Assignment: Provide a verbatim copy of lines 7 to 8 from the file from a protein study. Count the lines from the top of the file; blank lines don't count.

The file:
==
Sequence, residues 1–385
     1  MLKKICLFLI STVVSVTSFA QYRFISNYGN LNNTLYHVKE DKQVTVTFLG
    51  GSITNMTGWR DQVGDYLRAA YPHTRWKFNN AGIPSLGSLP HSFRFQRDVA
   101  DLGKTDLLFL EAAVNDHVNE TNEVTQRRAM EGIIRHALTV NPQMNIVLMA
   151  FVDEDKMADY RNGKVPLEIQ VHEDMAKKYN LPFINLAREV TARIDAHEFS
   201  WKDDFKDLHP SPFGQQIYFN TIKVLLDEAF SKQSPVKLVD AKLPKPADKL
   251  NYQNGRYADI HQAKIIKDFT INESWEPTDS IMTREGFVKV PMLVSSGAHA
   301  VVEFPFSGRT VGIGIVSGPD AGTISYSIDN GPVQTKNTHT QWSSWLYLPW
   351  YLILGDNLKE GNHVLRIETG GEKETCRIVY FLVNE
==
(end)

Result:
   251  NYQNGRYADI HQAKIIKDFT INESWEPTDS IMTREGFVKV PMLVSSGAHA
   301  VVEFPFSGRT VGIGIVSGPD AGTISYSIDN GPVQTKNTHT QWSSWLYLPW